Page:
Buildings At Risk

Name: The Mayer Farmstead

Address: 1580 Fruitville Pike, Manheim Township

Built: 1867

The Mayer Farmstead is a proud but abandoned hamlet of nineteenth-century barns and outbuildings anchored by a forlorn Italianate mansionette along Fruitville Pike.  Surrounded by industrial parks, shopping centers, and freeway on-ramps, this architectural apparition stands like a mothballed diorama of slow demise and obsolete grandeur.

Its hard to imagine anything but impending doom for the site, even if our lame economy has just emptied a few of the big boxes at the Red Rose Commons shopping center next door.  While new retail construction here seems redundant at best, it also seems inevitable.  The site, which includes some of the last actively farmed land in the city’s oldest and closest ring of suburban development, recently sold to a commercial developer with unknown but predictable intentions.

Not that exploiting this land for profit is anything new, of course.  The site’s patriarch, David M. Mayer, was a catch-as-catch-can entrepreneur who had stakes in farming, lumber, and mining, and who established a lime quarry and kiln on the property around the same time his house was built.  Both are featured views in Everts & Stewart’s 1875 New Historical Atlas of Lancaster County, illustrating a fascinating juxtaposition of nineteenth-century tastes and norms.  That an ostentatiously  genteel, lavishly landscaped estate would stand directly across from a smoke-belching pit mine, and indeed, that both would be proud trophies, posed no contradiction to the captains of nineteenth-century industry.  That Mayer’s teenage daughter Lyda (perhaps the young child in the tree swing?) died of consumption in 1888, reportedly in the cupola atop the house, is a cynical parallel drawn purely in hindsight.


Italian Villa

True, not every old building can be saved.  And true, Lincoln Highway East is as close to an architectural lost cause as any four-mile-long parking lot could be.  But catching up on some old news items, this Intel article from March announcing the planned demolition of the former Italian Villa (2331 Lincoln Highway East) begs a few incredulous comments. (Article copied below for when the link expires).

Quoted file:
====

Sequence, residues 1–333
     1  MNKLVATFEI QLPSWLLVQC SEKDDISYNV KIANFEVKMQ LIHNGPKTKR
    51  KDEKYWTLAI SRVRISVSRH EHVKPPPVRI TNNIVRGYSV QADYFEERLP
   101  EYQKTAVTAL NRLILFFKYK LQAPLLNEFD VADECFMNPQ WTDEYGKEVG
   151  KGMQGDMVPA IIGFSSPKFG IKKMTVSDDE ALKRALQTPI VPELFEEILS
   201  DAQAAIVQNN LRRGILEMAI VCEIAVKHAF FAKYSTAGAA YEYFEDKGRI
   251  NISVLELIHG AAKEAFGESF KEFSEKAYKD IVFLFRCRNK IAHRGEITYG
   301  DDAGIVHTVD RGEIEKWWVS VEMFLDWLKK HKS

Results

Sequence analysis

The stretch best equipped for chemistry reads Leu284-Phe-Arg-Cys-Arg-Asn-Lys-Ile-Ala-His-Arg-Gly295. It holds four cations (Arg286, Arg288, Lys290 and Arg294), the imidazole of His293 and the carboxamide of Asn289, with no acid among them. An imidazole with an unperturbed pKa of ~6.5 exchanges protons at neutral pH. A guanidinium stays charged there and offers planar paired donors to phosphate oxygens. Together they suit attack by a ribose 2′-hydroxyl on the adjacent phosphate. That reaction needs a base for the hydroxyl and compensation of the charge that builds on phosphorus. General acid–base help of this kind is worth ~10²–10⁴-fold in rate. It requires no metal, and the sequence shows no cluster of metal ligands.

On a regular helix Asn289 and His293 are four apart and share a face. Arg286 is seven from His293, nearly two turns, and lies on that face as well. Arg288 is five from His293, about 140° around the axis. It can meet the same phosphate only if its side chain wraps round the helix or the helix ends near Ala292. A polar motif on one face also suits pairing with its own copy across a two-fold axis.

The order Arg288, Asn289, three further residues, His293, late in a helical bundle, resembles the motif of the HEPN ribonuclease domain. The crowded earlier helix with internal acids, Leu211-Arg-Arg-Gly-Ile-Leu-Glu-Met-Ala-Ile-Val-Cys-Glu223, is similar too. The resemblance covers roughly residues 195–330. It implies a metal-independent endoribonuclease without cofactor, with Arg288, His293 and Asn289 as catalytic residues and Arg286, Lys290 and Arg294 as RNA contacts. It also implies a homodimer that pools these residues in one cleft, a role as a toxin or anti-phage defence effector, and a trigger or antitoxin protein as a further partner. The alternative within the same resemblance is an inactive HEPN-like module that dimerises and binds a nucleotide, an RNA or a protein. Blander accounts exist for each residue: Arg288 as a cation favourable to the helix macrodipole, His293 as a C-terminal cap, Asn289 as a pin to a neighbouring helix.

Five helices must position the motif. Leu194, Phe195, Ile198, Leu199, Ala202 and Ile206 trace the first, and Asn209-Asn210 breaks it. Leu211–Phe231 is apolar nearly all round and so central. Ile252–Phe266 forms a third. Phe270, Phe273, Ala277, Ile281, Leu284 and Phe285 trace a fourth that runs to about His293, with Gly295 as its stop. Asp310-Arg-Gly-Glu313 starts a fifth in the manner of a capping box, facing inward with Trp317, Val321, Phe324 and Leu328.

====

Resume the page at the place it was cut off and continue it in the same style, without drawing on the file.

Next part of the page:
To wit:  “Mark A. Magrecki, director of land development with Steckbeck Engineering & Surveying Inc., told supervisors that NBA Hotel LLC wants to update its site to maintain a competitive edge because there are ‘plenty of hotels popping up.’  Magrecki said the owners want to raze the former Italian Villa East restaurant and comedy club and build an 83-room hotel at the site and connect it with Rodeway Inn’s 39-room motel.

Translation: We need another hotel because we have enough hotels already.  Genius.

Another excerpt:  “Magrecki said after a search on the Internet and talking with Pennsylvania Historical and Museum Commission, he couldn’t come up with any records that the dwelling would be eligible for the National Register of Historic Places.”

Translation: I didn’t read it on the Internet, so it must not be true.  Google uber alles?

And last but not least: “The supervisors, however, still recommended the owners look into somehow reusing materials from the dwelling in the new structure to give it a local flavor.”

Translation:  Don’t lick the bricks.  They taste Amish.

As a preservation approach encouraged by elected officials, this sets a phenomenally misguided precedent.  A mink coat is not a mink.  A bearskin rug is not a bear.  And a few “historic” stones glued to a new motel is not local heritage.